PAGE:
Ranking the World’s Major Powers: A Graphic Comparison of the United States, Russia, China, and Other Selected Countries

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The Emeritus Chair in Strategy at CSIS is circulating a major update of its working draft of a graphic overview of the comparative strength of the world’s three major powers: The United States, China, and Russia. It has been updated since the first working draft and is again being circulated as a working draft in the hope that readers will make additional detailed comments and suggest additional graphics, tables, and maps. These should be addressed to Anthony H. Cordesman at acordesman@gmail.com.

The current draft highlights the radically different spending patterns and resources of each major power and the balance each state has established between the size and development of its economy and the size and cost of its military forces. 

It shows that Russia is now a relative minor power in economic terms, in terms of its national research and development efforts, and in terms of the resources it can spend on military forces. They also show that Russia relies heavily on its inheritance of a massive number of nuclear weapons from the FSU for its increasingly tentative status as a superpower. In contrast, the data show that China has succeeded in carrying out a massive expansion of its economy, technology base, and its military forces, and that it is far more able to compete at a civil level than Russia.

At the same time, the graphics highlight the importance of America’s strategic partners, although they only show a few countries elected to illustrate regional differences and ignore a wide range of partner nations that greatly expanded the strategic advantages of key developed democracies. Strategic partners are a critical factor in a world where Russia’s only strategic partner is a weak and fragile Belarus, and where China’s greatly expanding global reach has not given it any close strategic partners beyond a tentative relationship with Russia.

It must be stressed, however, that graphics alone can only tell part of the story. The comparisons provided in this analysis are drawn from many sources, and many of these sources conflict and/or are estimated and defined in ways where their accuracy and comparability are uncertain. And, the countries and other sources that generate such data often differ in the ways on how they gather and define the data. Some countries also do not report, or they do provide heavily politicized data in key areas of comparison.

Taken together, the broad trends in these graphics do seem generally valid. Moreover, examining the sources from which they are taken will often explain the problems and differences in the data. However, there is a remarkable lack of serious “open-source” effort to validate many of the data used in international statistics, and there is only limited effort to standardize them in ways that allow true comparability and fully valid net assessments.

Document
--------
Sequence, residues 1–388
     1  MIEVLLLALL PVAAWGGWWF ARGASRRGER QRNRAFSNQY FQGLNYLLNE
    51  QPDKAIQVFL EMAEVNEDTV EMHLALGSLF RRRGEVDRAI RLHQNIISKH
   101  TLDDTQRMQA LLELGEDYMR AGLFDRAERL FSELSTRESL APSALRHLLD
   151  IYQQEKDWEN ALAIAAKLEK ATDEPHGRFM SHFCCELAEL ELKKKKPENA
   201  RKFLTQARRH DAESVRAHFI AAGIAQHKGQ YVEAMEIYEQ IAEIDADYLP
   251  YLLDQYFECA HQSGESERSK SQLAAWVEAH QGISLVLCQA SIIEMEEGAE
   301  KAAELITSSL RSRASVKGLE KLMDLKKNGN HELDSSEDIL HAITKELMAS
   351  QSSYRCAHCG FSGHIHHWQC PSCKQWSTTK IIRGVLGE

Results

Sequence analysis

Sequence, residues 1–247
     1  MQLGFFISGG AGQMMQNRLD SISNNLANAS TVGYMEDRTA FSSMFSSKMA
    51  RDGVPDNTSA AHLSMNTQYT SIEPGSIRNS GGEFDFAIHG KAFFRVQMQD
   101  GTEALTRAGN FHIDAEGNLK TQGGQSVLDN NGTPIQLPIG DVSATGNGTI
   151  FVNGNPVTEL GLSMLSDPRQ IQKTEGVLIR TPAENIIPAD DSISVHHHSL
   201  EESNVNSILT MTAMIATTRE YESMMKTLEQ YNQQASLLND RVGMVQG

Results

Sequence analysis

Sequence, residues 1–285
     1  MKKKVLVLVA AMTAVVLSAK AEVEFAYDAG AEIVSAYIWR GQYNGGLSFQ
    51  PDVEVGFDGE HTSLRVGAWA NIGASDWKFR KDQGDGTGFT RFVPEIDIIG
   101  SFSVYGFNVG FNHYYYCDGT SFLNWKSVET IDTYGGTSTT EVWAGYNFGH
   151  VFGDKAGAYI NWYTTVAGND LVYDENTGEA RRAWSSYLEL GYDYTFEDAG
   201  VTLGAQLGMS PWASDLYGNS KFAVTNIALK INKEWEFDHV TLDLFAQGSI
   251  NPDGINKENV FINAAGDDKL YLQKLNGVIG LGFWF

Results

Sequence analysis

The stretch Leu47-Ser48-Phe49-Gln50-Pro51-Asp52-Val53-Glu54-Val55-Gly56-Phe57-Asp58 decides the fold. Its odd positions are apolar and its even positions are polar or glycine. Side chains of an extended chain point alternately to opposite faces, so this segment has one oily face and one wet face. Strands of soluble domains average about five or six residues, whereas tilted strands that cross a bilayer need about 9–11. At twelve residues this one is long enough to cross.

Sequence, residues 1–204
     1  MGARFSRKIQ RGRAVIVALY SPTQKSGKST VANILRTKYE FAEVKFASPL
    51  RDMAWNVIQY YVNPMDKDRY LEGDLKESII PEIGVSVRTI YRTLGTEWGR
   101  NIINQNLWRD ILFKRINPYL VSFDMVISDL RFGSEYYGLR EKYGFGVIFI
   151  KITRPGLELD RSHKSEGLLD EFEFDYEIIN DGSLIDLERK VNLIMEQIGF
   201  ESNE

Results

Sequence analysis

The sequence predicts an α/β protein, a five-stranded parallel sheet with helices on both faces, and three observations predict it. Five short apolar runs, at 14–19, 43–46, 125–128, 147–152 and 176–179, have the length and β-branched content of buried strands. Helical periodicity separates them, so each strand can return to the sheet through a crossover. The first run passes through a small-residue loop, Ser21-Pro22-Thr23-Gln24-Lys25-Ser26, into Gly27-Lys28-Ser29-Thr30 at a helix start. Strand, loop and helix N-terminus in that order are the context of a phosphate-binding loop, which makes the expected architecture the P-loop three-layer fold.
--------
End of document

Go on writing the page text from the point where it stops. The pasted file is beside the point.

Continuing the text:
Moreover, these graphics deliberately or rarely attempt to project any major trends. While some serious efforts have been made to estimate possible futures in these areas, the end results usually seem too uncertain to include without the supporting analysis, parametric comparisons, and detailed estimates of the uncertainties involved. Moreover, many estimates of the future seem more political or ideological than objective.

In any case, this revised draft is being circulated to flag the need for far more sophisticated comparisons, to obtain outside comments and suggestions, and to obtain additional graphics where they may be available. The author is seeking to provide as wide of a range of data as possible and again will be most grateful for additional graphics and suggested changes.

This commentary entitled, Ranking the World’s Major Powers: A Graphic Comparison of the United States, Russia, China, and Other Selected Countries, is available for download at https://csis-website-prod.s3.amazonaws.com/s3fs-public/publication/220427_Ranking_Major_Powers.pdf?FVCpij.NHeBefpwCDCt9WDdzWNGlV19E.

Anthony H. Cordesman holds the Emeritus Chair in Strategy at the Center for Strategic and International Studies in Washington, D.C. He has written and directed numerous books and studies for CSIS; was awarded the Department of Defense Distinguished Service medal; and served in senior positions in the National Security Council, State Department, Office of the Secretary of Defense, Department of Energy, and staff of the U.S. Senate.

Commentary is produced by the Center for Strategic and International Studies (CSIS), a private, tax-exempt institution focusing on international public policy issues. Its research is nonpartisan and nonproprietary. CSIS does not take specific policy positions. Accordingly, all views, positions, and conclusions expressed in this publication should be understood to be solely those of the author(s).

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